February 13, 2017
What are the first things you think of when you picture Napoleon Bonaparte? A formal uniform with a hand tucked in the waistcoat? What’s the bet that every image you’ve seen of him depicts him as short?
But did you know that Napoleon was most definitely not short for his time? Misinformation about Napoleon’s height has been in circulation for hundreds of years. Although this infamous military leader was measured at 5ft 2in, we know that he was actually around 5ft 7in tall.
At his death, his height was initially measured using French inches instead of English inches, which are slightly shorter. According to the BBC, the average height of British males at the beginning of the 19th century was around 170 inches, or 5ft 5in. That means that Napoleon, at 5ft 7in, was around average height – or even a little bit tall – for a man of that time.
So how come the notion that Napoleon was short remained in circulation during his lifetime and to this day?
Tristen Hopper for the National Post explains that Napoleon was considered “of normal stature” until 1803. In this year, the infamous caricature ‘Maniac ravings or Little Boney in a strong fit’ was published.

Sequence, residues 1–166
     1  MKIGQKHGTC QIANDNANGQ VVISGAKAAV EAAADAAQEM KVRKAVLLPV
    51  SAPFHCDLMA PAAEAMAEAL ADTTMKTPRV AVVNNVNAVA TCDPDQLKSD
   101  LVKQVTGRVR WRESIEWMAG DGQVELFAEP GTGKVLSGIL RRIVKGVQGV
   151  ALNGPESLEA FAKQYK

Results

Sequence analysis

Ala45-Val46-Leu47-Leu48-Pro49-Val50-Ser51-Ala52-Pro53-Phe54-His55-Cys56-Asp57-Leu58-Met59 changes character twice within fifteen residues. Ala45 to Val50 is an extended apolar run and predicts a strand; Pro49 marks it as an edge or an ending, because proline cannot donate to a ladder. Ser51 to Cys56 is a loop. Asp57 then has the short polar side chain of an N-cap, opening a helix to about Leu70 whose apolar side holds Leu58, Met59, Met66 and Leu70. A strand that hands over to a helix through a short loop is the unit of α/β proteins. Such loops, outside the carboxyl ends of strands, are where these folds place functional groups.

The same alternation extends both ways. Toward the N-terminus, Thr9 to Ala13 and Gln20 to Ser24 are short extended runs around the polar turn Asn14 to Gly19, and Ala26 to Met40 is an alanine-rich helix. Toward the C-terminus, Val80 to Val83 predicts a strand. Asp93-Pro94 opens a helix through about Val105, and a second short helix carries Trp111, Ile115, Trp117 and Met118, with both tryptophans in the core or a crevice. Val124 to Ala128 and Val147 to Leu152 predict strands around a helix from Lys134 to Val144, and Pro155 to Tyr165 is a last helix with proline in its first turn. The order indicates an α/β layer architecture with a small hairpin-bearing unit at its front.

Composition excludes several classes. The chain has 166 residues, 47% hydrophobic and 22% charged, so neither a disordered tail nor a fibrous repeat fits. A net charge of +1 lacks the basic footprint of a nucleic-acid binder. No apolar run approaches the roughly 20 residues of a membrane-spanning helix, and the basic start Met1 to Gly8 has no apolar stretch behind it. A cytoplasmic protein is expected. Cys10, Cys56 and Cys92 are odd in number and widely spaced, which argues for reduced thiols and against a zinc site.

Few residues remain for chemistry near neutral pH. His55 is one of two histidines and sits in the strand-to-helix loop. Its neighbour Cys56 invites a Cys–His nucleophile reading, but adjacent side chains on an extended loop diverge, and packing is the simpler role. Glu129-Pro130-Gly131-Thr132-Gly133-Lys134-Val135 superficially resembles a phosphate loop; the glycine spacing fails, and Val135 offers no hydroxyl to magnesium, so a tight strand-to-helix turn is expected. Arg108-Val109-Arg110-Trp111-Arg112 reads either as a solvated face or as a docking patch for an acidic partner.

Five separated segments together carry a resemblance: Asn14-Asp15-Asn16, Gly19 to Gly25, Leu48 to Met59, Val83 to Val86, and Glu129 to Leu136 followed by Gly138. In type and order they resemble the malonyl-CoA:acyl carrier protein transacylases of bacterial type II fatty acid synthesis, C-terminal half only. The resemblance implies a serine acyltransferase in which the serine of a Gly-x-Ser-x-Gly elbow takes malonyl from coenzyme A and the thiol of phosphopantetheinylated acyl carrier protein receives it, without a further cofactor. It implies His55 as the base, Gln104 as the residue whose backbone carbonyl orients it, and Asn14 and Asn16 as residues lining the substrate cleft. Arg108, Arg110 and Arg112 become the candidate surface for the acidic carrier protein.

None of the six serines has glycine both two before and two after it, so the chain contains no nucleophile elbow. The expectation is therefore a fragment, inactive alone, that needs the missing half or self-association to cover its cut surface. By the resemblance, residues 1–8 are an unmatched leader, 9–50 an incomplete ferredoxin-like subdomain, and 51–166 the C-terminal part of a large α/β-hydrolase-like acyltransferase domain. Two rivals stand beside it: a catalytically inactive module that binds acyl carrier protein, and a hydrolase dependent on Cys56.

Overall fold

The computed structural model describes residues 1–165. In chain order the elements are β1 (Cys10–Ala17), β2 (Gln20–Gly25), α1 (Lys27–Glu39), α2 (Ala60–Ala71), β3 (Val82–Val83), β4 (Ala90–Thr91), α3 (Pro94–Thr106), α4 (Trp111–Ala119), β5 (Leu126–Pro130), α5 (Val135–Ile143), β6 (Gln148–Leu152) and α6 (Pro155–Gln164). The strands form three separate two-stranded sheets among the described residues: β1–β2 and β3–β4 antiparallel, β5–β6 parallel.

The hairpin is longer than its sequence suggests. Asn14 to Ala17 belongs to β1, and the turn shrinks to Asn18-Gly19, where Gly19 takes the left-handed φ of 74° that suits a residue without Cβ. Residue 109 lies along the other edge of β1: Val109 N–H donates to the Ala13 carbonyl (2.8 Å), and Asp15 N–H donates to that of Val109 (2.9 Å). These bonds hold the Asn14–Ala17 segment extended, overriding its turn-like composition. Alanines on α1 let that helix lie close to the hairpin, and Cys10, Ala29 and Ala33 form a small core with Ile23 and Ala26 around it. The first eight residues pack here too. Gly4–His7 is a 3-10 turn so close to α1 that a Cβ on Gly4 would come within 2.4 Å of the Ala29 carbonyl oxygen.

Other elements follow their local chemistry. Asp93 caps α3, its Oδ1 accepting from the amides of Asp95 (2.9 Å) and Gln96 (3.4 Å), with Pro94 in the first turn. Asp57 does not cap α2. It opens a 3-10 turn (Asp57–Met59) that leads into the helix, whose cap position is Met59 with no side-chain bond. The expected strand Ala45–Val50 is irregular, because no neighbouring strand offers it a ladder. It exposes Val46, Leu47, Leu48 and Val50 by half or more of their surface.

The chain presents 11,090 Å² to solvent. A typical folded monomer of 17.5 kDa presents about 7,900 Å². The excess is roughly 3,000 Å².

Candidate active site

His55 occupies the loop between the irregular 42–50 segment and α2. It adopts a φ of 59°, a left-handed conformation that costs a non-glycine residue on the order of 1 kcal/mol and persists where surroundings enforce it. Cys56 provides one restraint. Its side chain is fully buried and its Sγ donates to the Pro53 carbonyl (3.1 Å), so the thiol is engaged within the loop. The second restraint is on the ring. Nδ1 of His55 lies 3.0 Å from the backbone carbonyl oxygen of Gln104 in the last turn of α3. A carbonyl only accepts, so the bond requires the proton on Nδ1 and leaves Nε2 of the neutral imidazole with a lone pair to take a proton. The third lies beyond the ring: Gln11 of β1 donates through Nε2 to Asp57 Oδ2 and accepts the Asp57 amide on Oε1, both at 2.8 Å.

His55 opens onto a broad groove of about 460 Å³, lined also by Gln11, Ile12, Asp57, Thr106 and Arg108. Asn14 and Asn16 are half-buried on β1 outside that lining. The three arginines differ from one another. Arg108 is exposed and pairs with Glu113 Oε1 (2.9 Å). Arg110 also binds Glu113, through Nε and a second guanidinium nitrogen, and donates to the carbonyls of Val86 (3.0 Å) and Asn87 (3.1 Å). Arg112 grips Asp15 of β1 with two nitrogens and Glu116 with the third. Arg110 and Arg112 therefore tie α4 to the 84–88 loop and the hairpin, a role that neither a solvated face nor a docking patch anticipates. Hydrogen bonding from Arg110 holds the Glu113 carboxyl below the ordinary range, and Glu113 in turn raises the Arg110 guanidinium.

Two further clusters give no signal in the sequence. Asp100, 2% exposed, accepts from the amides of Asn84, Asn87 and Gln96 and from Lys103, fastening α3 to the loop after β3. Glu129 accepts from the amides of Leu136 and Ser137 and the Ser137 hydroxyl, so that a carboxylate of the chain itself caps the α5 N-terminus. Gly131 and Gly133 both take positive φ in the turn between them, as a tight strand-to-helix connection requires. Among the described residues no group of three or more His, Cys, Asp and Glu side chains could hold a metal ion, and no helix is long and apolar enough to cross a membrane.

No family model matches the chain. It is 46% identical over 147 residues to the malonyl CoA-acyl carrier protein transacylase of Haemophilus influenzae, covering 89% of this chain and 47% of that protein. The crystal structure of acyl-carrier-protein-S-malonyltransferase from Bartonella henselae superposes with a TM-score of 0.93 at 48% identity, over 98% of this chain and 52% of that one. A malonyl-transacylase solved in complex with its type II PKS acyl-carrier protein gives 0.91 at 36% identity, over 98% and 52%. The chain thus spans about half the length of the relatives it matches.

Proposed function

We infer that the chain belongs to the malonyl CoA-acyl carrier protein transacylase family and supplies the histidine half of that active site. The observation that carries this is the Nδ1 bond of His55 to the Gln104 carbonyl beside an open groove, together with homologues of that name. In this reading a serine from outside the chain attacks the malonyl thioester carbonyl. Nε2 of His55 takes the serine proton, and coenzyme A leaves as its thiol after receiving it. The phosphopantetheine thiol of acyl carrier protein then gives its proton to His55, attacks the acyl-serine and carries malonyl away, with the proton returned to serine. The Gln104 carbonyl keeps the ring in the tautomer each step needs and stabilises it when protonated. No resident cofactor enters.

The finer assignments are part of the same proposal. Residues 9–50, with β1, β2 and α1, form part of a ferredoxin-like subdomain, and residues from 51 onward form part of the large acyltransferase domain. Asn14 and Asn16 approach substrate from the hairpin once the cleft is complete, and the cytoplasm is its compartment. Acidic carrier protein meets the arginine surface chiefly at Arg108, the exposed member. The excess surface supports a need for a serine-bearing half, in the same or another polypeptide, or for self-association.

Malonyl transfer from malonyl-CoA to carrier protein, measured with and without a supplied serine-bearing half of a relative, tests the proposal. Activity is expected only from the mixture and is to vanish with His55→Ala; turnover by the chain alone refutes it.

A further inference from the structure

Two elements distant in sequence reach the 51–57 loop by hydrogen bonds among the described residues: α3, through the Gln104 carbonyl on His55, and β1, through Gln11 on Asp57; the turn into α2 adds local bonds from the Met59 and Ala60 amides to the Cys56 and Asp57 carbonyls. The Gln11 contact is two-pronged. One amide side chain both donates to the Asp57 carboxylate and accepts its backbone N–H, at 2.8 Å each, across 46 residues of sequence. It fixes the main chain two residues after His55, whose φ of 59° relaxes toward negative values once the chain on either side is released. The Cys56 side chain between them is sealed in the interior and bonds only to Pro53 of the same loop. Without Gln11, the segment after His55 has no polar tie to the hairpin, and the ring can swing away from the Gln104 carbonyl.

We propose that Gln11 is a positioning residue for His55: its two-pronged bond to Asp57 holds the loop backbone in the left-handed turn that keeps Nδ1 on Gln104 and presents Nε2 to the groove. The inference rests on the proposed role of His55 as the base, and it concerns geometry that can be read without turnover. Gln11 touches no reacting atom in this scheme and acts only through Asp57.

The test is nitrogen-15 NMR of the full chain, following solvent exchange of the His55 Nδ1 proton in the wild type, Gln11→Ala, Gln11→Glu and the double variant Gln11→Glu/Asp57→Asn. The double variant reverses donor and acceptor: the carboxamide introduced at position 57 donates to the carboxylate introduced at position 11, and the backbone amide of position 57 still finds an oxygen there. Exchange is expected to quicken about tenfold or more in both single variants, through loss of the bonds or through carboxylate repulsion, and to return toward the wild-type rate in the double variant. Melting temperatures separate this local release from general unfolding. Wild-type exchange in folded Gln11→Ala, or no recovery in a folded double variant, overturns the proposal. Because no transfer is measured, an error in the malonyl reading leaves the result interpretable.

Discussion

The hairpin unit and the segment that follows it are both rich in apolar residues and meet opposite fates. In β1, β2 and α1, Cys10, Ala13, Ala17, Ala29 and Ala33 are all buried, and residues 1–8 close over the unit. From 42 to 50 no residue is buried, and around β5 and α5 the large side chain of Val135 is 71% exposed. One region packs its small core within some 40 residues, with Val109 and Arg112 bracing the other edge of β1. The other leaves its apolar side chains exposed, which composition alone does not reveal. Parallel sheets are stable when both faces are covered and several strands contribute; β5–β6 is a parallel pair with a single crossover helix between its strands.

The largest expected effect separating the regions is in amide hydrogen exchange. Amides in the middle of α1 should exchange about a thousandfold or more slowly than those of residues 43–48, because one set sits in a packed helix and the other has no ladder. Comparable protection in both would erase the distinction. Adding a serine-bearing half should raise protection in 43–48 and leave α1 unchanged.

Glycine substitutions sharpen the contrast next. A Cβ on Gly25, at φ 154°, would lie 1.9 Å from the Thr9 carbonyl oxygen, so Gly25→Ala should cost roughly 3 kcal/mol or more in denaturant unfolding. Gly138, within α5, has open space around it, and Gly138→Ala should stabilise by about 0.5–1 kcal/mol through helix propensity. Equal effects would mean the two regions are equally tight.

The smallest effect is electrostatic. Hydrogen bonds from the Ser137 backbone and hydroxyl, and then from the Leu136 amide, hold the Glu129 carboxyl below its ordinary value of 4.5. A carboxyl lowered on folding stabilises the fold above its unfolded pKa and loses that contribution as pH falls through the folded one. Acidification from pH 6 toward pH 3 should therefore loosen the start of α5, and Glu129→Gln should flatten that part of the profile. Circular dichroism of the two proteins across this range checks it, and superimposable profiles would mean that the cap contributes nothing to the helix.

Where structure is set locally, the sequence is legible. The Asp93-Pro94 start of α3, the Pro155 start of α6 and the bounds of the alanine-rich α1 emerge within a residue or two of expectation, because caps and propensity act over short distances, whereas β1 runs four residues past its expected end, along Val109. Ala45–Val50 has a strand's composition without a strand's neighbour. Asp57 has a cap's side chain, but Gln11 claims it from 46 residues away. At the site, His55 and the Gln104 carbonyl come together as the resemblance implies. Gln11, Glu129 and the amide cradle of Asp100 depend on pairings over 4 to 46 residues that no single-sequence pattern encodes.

This cartoon by James Gillray “portrays a diminutive Bonaparte flipping over furniture in a childish temper tantrum;” his hat and the furniture is almost as large as he is. And since the British did not exactly approve of Napoleon and his militaristic tactics, the cartoon was enormously popular, spurning many others that depicted the Emperor as, well, rather small in stature.
In this way, “a short-tempered, child-sized Napoleon soon became the accepted standard for caricatures of the Frenchman.”
Some historians argue that comparisons between Napoleon and his bodyguards might have also contributed to the “tiny Emperor” trope. Many argue that, because of height requirements, his bodyguards had height requirements towered over the Emperor, creating the illusion that he was small beside them. This is probably what earned him the affectionate title “Little Corporal.”
Now Napoleon wasn’t exactly happy with the images that depicted him as short. But despite sending many demanding letters, he was unsuccessful in getting the British media to cease spreading such damning cartoons. In fact, “Before he died, the exiled Emperor reportedly said that Gillray ‘did more than all the armies of Europe to bring me down,’” Hopper remarks.
This proves that we can’t always trust our history lessons, for without this single image and those that followed, the legend of the tiny Emperor and his complex would never have existed.
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